Theories Of Leadership

Submitted By ImMakingThisUp
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As never having researched leadership before I was both intrigued and interested in Hickman’s (2010) collection of passages found in Leading Organizations. Only being in the professional workforce a mere four years I was not savvy to the theories contained in the readings which I found both stimulating and thought-provoking. The different theories, some more or less extreme, all have similar threads woven through them all striving to define the same idea, the ideal leader, where they come from and what makes them what they are.
According to Burns (1978), “to control things- tools, mineral resources, money, energy- is an act of power, not leadership, for things have no motives. Power wielders may treat people as things. Leaders may not.” (p.68). I feel that this is the truth and a fact lost on many supervisors and managers who strive to be solid leaders. In the end, the followers have their own motivations, their own goals and aspirations and genuine leaders find the balance between the two. He also goes on to define leadership as “leaders inducing followers to act for certain goals that represent the values and the motivations- the wants and needs, the aspirations and expectations- of both leaders and followers.” (Burns, 1978, p.68). It should not be a battle of the leader’s motivations versus the followers; this only leads to a vicious cycle of agony. To act efficiently and effectively both the leaders and the followers need to stand on similar ground in terms of their purpose, their wants and their vision of the future.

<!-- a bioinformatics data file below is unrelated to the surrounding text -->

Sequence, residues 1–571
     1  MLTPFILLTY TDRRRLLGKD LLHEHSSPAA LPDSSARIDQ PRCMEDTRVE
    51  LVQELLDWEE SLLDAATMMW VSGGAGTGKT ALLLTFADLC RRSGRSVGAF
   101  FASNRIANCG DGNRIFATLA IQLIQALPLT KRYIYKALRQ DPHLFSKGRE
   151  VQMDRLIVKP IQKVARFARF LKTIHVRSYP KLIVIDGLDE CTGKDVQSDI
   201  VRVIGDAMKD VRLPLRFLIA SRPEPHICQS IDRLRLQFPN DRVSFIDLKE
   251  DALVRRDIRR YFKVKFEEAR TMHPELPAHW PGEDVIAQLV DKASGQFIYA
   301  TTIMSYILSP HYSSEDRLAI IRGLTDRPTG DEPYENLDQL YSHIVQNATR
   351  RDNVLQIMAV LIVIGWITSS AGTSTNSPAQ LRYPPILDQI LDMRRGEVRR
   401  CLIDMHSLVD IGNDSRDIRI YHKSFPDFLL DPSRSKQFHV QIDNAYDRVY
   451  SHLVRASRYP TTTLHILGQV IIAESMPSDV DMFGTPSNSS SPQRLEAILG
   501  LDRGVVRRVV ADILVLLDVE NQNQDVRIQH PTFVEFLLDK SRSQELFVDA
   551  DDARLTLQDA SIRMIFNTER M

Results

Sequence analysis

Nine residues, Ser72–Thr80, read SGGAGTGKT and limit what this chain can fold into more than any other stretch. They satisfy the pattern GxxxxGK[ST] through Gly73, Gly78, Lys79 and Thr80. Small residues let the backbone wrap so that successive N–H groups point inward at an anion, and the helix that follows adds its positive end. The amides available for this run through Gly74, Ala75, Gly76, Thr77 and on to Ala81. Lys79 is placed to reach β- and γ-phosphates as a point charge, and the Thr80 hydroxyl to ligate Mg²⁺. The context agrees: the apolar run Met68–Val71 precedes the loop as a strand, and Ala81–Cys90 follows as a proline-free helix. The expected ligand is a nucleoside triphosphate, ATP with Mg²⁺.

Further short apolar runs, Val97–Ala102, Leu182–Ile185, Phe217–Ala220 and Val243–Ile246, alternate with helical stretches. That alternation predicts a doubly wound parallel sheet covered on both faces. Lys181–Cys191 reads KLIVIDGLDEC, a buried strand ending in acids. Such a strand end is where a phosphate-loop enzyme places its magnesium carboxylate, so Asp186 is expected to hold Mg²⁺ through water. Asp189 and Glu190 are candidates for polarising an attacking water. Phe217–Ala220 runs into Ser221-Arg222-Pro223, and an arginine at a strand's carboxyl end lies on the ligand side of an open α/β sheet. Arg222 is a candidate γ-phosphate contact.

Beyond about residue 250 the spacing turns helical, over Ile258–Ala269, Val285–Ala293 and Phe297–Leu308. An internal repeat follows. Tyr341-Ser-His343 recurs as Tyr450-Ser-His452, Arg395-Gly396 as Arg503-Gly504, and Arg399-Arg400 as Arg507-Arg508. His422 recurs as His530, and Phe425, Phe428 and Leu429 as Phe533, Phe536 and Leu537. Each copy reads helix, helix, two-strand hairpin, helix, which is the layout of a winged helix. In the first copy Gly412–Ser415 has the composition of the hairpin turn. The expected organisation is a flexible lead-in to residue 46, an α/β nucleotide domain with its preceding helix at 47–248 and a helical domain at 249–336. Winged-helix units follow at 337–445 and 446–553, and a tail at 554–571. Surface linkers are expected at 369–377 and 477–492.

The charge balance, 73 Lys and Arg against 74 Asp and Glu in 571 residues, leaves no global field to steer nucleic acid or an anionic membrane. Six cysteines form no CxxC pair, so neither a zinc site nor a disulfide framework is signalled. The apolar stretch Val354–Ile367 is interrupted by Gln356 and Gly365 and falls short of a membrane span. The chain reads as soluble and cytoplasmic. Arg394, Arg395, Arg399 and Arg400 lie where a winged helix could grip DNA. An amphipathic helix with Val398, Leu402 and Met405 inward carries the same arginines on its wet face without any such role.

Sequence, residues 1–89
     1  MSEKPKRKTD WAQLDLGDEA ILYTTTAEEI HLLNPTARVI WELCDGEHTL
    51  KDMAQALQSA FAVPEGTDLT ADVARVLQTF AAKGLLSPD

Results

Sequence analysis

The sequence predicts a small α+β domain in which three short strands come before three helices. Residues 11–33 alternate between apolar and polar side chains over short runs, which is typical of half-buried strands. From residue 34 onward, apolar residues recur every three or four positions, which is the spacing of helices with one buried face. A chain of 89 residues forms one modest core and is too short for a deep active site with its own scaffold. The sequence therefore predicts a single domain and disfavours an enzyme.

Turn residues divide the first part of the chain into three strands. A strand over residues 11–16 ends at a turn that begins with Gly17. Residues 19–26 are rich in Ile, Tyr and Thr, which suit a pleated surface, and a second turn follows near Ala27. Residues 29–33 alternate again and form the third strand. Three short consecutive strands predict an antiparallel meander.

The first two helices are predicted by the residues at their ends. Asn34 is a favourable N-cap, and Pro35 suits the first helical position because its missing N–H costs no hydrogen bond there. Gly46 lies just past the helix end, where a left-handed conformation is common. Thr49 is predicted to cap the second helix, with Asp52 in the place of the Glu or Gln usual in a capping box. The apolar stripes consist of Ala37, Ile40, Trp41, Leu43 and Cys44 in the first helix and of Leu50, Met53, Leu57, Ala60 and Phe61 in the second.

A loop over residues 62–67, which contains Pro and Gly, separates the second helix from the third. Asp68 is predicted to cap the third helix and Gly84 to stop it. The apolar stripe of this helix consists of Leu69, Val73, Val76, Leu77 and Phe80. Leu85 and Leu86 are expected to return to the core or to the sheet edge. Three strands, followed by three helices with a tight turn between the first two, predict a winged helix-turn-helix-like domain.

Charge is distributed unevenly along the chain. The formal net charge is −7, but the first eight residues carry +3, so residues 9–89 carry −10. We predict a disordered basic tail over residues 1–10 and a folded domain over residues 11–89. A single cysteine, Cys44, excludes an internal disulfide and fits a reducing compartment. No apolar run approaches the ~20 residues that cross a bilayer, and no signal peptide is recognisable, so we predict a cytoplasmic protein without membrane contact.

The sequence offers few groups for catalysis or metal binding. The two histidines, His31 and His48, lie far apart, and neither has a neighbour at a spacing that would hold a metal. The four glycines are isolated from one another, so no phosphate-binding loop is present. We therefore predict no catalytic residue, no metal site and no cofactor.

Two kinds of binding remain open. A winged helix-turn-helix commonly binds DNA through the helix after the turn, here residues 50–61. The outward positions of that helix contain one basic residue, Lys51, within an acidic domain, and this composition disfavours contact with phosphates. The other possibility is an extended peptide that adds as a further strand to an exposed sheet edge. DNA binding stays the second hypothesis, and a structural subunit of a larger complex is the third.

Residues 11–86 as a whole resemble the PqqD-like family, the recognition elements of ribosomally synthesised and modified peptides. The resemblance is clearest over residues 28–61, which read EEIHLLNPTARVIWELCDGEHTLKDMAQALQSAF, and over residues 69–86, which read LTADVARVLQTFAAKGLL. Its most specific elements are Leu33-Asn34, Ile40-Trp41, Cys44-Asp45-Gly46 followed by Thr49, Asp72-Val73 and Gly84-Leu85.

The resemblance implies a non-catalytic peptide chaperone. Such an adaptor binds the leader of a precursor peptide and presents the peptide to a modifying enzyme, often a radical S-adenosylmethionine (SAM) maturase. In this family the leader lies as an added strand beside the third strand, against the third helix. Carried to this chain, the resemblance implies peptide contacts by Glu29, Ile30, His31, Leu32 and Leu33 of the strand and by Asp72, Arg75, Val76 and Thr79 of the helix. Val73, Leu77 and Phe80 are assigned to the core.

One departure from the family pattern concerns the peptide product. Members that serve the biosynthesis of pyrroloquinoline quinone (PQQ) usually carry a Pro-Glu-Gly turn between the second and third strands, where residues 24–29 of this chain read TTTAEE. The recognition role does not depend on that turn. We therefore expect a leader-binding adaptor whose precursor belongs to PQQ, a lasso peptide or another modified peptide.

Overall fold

Also, and most ideally, I agree that transforming leadership is preferred to transactional leadership. The former is simply an exchange of valued goods while the latter raises both the leading and the lead to a higher level of motivation and morality.
Greenleaf’s ideas on servant leadership were more difficult to concur with as I do not know whether I agree with the servant first, leader second progression. I do feel all leaders should suffer through the trenches of the lowest rungs on the corporate ladder however I do not believe that in doing this you will automatically be more concerned with another’s needs. He testifies that “the natural servant, the person who is servant-first, is more likely to persevere and refine a particular hypothesis on what serves another’s highest priority needs than is the person who is leader-first and who later serves out of promptings of conscience or in conformity with normative expectations” (Greenleaf, 1977, p. 90). I can appreciate that this may be the case in a percentage of the leading versus following population however I do not think that this is most often the truth.
The charismatic theory was one I enjoyed reading about as I see this being played out in leaders today and personally agree that a magnetic leader is one most cannot help but be drawn to. Arguably the most charismatic president, John F. Kennedy won the nation over with his charm and appeal. I find it valid that “…charismatic leaders adopt unconventional, countercultural and therefore innovative plans and strategies for achieving desired changes, and their exemplary acts of heroism involving personal risks or self-sacrifice are novel and unconventional.” (Conger, 2008, p.99). I do believe a balance is necessary however as relying too heavily on personal charm and allure will leave a leader open to criticism and disapproval from those who disagree with their vision of the future.
The four contingency theories are similar in saying that to improve the effectiveness of their leadership, leaders should modify their behavior around the followers or the situation. Hughes, Ginnett and Curphy (1996) succinctly summarized this point by stating the following:
…it was naïve to believe that sending someone to a relatively brief leadership training program could substantially alter any leader’s personality or typical way of acting in leadership